This is how medium-sized companies benefit from cost-effective automation
Marco Thull | 24. February 2023
These are explosive times for the German economy: the corona pandemic, a shortage of skilled workers, inflation and the energy crisis are taking their toll. And not only that. Many industries are confronted with new customer needs at the same time. Keyword customised mass production. More and more consumers are turning away from off-the-shelf goods and getting used to customising products such as cars, bicycles and computers with online configurators. The pressure on companies is therefore increasing from several sides. Businesses have to save costs, employ staff wisely and at the same time produce more flexibly.
One possible avenue: the automation of processes. Why? There are enough robots. They carry out routine activities around the clock if required – such as pick-and-place tasks on a conveyor belt. Without getting tired. Without getting sick. Without making mistakes. And they don’t need any heating or light. Companies reduce throughput time and production costs and, in combination with networking and intelligent software, move one step further towards the Smart Factory for customised mass production. And thus strengthen their competitiveness. Endless benefits. Regardless of this, by no means are all companies concerned with the possibilities of automation. Especially in medium-sized companies, many companies still view the use critically.
But why are many small and medium-sized enterprises (SMEs) sceptical about automation? Because many companies associate the topic with a lot of know-how, effort and high investment costs. This is also shown by a study by the automation technology group ABB, which surveyed 1,000 decision-makers in German SMEs in October 2021. According to this, 45.5 percent of those surveyed cited cost aspects as a hurdle for the use of robotics, 20.3 percent expressed scepticism among employees and 20.2 percent had a lack of automation concepts.
But there is also a sunny side. And here the respondents emphasise the potential of automation in medium-sized companies. 62.5 percent expect a particularly strong increase in the logistics sector, 29.9 percent in the pharmaceutical industry, 23.3 percent in the healthcare sector and 29.8 percent in the food industry.
A study by Deloitte, an international company in the business sector with services in the areas of financial and risk consulting, also shows how companies deal with automation. The main result of the survey of 2,750 medium-sized companies in 2021: The corona pandemic acted as a catalyst worldwide, which suddenly increased relevant trends exponentially. According to the study, 69 percent of those surveyed reacted to the pandemic by accelerating their digital transformation. IT security is one of the most important planned investments in technology. For German companies, investments in data analytics and business intelligence follow in second place, with process automation in third place. 35 percent of those surveyed were planning an investment here. Conversely, this means that 65 percent refrain from spending money on automation, despite the catalyst effect. It is likely that they too fear over-expenditure and over-effort.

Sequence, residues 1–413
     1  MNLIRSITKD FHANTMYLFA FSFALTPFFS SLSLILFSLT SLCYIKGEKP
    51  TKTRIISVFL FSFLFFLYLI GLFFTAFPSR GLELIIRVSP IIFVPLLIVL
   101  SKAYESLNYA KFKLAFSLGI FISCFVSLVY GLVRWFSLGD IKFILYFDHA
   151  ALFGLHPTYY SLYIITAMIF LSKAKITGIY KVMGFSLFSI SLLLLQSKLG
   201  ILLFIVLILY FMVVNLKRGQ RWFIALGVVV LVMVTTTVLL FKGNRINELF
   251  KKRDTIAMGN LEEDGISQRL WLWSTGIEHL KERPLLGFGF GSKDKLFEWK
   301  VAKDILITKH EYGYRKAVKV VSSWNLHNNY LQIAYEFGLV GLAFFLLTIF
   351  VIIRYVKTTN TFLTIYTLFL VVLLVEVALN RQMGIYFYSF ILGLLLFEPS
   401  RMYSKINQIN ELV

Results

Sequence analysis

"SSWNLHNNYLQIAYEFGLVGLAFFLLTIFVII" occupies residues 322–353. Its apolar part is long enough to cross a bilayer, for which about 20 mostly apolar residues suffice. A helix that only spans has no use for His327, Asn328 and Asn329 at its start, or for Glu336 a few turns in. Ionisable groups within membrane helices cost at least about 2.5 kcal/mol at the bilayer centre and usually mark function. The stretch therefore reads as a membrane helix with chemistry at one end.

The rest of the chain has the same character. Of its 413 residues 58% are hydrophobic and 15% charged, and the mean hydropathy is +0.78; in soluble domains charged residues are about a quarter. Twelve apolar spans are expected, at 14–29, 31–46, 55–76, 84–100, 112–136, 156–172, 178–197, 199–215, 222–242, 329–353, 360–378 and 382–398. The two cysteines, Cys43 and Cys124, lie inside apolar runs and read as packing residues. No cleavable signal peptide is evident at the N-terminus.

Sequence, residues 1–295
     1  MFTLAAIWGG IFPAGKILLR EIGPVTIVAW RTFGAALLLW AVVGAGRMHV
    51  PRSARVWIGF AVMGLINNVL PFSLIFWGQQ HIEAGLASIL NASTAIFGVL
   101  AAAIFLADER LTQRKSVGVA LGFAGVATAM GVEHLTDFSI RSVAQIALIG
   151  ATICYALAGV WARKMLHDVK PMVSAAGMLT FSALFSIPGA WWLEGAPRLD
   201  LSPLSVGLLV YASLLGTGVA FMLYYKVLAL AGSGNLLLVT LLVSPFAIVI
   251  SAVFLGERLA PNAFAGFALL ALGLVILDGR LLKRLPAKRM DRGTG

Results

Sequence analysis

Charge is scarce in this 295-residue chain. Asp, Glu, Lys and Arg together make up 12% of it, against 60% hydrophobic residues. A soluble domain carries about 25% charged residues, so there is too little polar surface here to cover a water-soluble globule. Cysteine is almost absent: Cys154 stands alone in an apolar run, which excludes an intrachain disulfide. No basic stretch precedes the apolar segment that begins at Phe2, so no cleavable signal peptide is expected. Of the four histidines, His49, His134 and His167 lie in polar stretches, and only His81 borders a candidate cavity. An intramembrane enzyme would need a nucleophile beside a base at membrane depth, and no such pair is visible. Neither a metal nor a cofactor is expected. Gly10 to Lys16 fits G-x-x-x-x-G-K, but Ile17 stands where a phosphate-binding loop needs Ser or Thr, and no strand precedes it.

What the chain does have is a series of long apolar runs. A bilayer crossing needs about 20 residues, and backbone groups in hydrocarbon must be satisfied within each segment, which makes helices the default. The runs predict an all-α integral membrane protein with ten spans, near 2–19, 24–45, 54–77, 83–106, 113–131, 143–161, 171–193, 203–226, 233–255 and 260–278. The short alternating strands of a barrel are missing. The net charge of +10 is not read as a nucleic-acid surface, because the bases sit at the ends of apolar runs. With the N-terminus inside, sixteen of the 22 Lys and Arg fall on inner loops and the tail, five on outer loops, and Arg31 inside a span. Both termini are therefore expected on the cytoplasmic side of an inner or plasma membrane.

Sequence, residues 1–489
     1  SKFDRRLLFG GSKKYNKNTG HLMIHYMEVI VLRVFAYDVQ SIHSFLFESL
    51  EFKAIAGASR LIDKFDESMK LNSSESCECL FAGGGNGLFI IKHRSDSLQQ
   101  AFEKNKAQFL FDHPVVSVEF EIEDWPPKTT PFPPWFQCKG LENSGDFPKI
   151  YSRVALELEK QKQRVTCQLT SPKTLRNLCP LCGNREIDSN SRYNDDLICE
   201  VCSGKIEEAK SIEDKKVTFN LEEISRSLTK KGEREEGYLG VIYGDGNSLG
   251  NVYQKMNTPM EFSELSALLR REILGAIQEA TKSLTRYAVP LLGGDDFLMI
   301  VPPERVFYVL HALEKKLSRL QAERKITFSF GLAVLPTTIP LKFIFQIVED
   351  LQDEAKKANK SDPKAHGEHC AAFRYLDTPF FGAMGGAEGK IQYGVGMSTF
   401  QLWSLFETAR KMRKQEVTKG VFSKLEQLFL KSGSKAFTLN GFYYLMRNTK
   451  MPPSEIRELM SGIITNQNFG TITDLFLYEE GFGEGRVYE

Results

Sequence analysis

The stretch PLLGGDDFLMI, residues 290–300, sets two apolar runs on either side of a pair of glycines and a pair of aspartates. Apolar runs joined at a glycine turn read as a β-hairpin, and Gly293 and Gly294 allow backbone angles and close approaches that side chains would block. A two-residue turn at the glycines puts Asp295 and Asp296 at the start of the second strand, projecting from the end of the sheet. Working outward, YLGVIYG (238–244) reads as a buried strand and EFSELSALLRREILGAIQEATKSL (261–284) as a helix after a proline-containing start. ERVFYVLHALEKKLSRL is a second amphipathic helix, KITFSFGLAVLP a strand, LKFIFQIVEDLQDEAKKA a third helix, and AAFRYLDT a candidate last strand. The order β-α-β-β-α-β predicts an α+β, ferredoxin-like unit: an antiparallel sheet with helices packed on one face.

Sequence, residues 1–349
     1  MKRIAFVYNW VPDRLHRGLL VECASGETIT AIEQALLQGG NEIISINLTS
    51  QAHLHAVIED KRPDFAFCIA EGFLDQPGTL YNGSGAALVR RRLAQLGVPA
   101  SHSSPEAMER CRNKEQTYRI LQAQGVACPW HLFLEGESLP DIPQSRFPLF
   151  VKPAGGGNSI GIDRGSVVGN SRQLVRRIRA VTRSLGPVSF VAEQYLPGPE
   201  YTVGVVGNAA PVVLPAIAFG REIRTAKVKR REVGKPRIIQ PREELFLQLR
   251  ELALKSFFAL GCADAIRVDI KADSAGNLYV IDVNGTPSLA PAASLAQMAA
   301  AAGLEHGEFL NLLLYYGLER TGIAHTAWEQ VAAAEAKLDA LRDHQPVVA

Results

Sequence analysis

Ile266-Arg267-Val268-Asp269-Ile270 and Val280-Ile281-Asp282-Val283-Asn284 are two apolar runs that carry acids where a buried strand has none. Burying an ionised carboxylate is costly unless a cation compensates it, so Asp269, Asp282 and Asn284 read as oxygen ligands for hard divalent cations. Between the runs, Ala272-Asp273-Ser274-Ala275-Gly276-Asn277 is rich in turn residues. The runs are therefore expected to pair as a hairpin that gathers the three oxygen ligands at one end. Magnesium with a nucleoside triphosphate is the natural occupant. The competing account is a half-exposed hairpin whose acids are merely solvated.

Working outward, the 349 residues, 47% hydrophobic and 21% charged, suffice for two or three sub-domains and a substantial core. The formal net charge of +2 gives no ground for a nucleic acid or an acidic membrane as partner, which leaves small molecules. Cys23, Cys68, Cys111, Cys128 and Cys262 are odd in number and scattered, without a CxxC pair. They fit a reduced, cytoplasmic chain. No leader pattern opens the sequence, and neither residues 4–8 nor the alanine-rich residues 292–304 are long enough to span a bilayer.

But costs, a lack of know-how and high effort are no longer arguments against automation. While robot arms for industry, including control systems and licences, used to be only available for tens of thousands of euros, the costs have long since fallen many times over thanks to Low Cost Automation. Likewise the complexity of the programming. One example: the RBTX.com platform – a marketplace for low-cost robotics (LCR)where manufacturers offer LCR components that are coordinated and can be directly combined. These include robot arms made of plastic using injection moulding by igus®, such as the ReBeL® cobot, which only costs 3,513 euros. In addition, hundreds of grippers, vision systems and control systems that can be operated as easily as a smart phone. A marketplace that makes automation almost as easy as playing with Lego.
Hundreds of companies have already automated their processes with low-cost robotics. The LCA robots help in gastronomy to tap and serve beer. They support farmers in the cucumber harvest, for which fewer and fewer workers can be found. And they load and unload CNC machines in metalworking shops. All users benefit from a quick return on investment. If the automation solution is well planned, the costs are recovered after six to twelve months. After that, the profit increases permanently.
Conclusion: Automation helps small and medium-sized enterprises (SMEs) achieve their production goals with fewer resources and in less time. Especially with low-cost robotics, it is possible for investments to pay off in record time and become correspondingly low-risk. However, it is important to get in touch with robot manufacturers, to get professional advice on the selection of components and to create cost transparency. Then nothing stands in the way of entering the futuristic world of robots.
Do you already have experience with automation? What obstacles and opportunities do you see?